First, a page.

Magnesium supplements have increased in popularity in recent years, much like other supplements people are focusing their attention on nourishing their bodies.
Magnesium is one mineral that everyone naturally lacks, yet it is one whose levels can be significantly improved when you increase the number of magnesium-rich foods, such as;
- Nuts and seeds
- Whole grains
- Leafy greens and vegetables
- Milk and yoghurt
- Fortified foods
Magnesium can also be found in water, from tap, mineral, and bottled meaning it is one of the easiest minerals to obtain through diet as well as using supplements. Consuming too much magnesium through your food is nothing to worry about and will not cause negative symptoms. This can’t be said about taking too many magnesium supplements, which is why it is extremely important to consult with your doctor before introducing any new supplements into your diet.
The reason magnesium is so important to keep the body healthy is due to its crucial role it plays in the body, such as supporting the muscle and nerve function whilst increasing energy production. Here are some examples of the benefits you can expect to see when taking magnesium supplements.
- Protein synthesis
- Regulating blood pressure
- Maintaining heart health
- Nerve function
- Blood sugar control
- Healthy bone formation
Now, we have run through some benefits of magnesium, we’ll move on to answering some of your questions about magnesium and what it’s good for.
Can too much magnesium hurt your kidneys?
It can for some, although magnesium toxicity is rare amongst people who are in good health. Those suffering from conditions affecting their kidneys and connective organs are at increased risk of absorbing too much magnesium. This can result in something known as hypermagnesemia, and although it’s rare, it can occur. There are some symptoms recognised as showing signs of magnesium overdose so always remain mindful if you find any of these.
- Muscle weakness
- Low blood pressure
- Urine retention
- Respiratory distress
If you find you are suffering from too much magnesium you can ask your doctor for an intravenous of calcium gluconate which will help reverse the effects of excessive amounts of magnesium enabling the kidneys to function and flush the remains of magnesium out of the system.
Is magnesium bad for your heart?
Not at all, in fact magnesium is vital for heart health because of its ability to transport electrolytes, such as potassium and calcium to every cell in the body, especially in the nervous system and muscles to support a regular and normal heartbeat.
If there is a lack or low levels of magnesium, these cells are unable to deliver results and over time will lead to developing cardiovascular disease as well as atrial fibrillation, which is the most common heartrate disorder.
Can magnesium stop heart palpitations?
Yes, it can, heart palpitations can feel very scary at times, but magnesium has been proven to help control the problem and is an effective treatment to combat heart palpitations.
The reason you may suffer from heart palpitations may come from a lot of causes. Many find they are affected by the vagus nerve system is imbalanced meaning the vagus nerve responsible for slowing down the heart is not working correctly. When the heart is trying to correct itself, you will find that it has a high vagal tone, which can feel like heart palpitations. This isn’t the same for everyone, many may find they only notice palpitation once they are lying in bed trying to sleep.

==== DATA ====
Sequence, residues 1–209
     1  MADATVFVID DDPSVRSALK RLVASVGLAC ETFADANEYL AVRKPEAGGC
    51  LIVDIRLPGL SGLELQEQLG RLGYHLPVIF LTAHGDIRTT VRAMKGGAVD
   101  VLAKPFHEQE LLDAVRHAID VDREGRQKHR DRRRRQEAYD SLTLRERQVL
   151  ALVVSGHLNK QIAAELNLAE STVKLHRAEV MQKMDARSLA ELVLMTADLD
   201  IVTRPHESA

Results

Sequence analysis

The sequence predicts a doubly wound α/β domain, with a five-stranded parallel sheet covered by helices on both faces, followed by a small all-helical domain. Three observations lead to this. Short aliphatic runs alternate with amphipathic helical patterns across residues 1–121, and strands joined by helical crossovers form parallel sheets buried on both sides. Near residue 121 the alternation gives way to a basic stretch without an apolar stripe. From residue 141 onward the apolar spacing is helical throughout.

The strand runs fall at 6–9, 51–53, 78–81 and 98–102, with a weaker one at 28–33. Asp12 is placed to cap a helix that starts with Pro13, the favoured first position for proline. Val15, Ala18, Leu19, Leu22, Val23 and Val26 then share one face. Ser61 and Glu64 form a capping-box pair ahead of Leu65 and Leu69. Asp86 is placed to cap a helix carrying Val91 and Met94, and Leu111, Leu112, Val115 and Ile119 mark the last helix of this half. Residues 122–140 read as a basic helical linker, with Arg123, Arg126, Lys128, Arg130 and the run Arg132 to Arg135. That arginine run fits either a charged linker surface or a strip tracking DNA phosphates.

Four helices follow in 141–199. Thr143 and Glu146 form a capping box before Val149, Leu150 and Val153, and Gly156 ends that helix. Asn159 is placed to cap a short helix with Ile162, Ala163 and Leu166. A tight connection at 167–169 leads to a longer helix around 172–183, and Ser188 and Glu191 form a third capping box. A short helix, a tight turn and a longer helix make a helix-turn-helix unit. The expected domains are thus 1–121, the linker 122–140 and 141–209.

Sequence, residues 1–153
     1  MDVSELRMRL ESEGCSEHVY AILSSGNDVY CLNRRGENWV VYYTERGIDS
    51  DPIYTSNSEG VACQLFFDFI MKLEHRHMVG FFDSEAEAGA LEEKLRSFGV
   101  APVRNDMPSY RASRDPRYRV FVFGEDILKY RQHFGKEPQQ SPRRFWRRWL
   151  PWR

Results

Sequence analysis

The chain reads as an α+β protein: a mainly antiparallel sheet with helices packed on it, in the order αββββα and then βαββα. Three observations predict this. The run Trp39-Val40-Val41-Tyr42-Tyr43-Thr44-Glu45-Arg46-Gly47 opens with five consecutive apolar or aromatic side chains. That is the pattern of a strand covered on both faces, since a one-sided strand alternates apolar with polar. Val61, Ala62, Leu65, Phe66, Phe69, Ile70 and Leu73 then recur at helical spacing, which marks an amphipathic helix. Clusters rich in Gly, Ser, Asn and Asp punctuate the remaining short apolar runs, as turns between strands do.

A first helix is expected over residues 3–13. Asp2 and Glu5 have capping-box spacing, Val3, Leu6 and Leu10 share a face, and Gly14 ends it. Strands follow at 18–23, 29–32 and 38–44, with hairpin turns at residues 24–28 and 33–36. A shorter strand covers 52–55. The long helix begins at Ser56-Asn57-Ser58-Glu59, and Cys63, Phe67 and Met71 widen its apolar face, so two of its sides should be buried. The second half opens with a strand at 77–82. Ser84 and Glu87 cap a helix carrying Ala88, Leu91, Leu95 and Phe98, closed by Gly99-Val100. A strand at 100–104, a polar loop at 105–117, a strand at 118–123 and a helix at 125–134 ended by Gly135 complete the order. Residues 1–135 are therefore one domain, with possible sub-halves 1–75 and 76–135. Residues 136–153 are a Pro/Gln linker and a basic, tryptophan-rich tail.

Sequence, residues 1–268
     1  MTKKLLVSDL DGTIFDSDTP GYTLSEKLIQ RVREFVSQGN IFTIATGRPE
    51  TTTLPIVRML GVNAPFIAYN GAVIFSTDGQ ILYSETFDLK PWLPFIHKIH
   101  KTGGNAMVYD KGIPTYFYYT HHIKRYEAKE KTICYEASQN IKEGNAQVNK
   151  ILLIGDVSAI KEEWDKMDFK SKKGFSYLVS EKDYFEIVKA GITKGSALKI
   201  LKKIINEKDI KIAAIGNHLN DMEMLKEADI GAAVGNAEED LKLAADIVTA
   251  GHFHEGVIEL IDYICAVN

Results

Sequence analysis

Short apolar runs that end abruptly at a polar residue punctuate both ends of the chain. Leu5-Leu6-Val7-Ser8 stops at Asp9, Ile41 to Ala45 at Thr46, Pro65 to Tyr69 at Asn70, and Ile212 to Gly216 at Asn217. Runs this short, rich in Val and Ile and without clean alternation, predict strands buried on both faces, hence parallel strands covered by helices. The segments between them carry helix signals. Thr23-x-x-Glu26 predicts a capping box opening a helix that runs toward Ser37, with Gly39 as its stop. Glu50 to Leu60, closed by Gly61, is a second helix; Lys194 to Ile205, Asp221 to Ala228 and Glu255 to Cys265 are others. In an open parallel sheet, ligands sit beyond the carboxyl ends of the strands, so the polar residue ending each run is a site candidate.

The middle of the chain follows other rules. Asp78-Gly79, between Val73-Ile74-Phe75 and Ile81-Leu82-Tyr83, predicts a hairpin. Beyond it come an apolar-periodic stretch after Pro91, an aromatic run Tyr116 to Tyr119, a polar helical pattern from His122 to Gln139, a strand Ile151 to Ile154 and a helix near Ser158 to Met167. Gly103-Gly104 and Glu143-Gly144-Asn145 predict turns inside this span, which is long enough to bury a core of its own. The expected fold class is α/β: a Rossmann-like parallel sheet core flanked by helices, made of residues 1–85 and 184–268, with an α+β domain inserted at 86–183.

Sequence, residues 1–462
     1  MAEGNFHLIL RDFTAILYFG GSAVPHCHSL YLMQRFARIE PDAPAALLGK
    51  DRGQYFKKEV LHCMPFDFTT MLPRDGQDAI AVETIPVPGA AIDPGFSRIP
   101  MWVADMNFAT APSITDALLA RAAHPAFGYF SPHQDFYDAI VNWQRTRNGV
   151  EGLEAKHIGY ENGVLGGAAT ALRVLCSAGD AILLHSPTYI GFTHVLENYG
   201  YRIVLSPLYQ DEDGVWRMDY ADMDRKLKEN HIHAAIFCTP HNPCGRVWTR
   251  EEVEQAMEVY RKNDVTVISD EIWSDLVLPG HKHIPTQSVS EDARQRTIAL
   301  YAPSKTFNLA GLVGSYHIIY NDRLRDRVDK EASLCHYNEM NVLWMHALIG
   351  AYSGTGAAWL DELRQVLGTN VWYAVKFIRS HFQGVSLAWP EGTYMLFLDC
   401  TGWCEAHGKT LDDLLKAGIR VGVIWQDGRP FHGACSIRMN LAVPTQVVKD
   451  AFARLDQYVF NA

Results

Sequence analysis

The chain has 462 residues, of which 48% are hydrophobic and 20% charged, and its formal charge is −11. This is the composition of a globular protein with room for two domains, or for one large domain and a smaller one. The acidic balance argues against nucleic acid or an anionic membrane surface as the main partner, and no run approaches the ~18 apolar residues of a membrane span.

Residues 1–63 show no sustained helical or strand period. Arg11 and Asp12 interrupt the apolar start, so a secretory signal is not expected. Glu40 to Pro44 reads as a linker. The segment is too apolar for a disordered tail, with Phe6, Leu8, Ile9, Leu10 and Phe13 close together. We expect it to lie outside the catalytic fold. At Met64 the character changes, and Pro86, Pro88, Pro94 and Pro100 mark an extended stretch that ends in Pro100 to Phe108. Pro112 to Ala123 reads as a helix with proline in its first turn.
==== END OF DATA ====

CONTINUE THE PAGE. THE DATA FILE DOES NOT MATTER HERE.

Whether you are aware of heart palpitations or not, it is advised that taking 400mg magnesium daily will help support and control your heart rate. Remembering to avoid using supplements in your daily routine you have not cleared with your doctor first.
When should you take magnesium?
When it comes to finding the best time of day to take magnesium, there is no right or wrong, if you are taking it consistently on a daily basis. Whenever you choose to take magnesium it will have a vast improvement in your mood, decreases anxiety, enhances sleep quality, and helps with depression. You can begin to see an improvement and positive set of results after introducing magnesium after 2 weeks. As I have already said consistency is key when benefiting from magnesium so you must be prepared for taking magnesium long-term.
What does low levels of magnesium cause?
It is common for some people to lack in magnesium, this is a problem that shouldn’t have any long-lasting effects if you seek the help from your doctor. It is a simple case of having a blood test to determine your magnesium levels. Having a magnesium deficiency is rare, but not completely uncommon and there are some tell-tale signs you have low levels of magnesium such as.
- Poor appetite
- Muscle spasms
- Increased levels of anxiety
- Weakened bones
- Regular bad headaches
If you find you are experiencing these symptoms, you should consider this as your sign to consult with your doctor.
As I have mentioned people suffering from magnesium deficiencies are rare, there are some people who are more likely to have low levels of magnesium such as, those with kidney disease, Crohn’s disease, those taking medication for diabetes, those who abuse alcohol, and finally those who are elderly.
There you have a little more information about magnesium and what it’s good for. Don’t forget if you have any further questions, you can come and find us on Instagram. You’ll be able to find one of our health experts in the direct messages.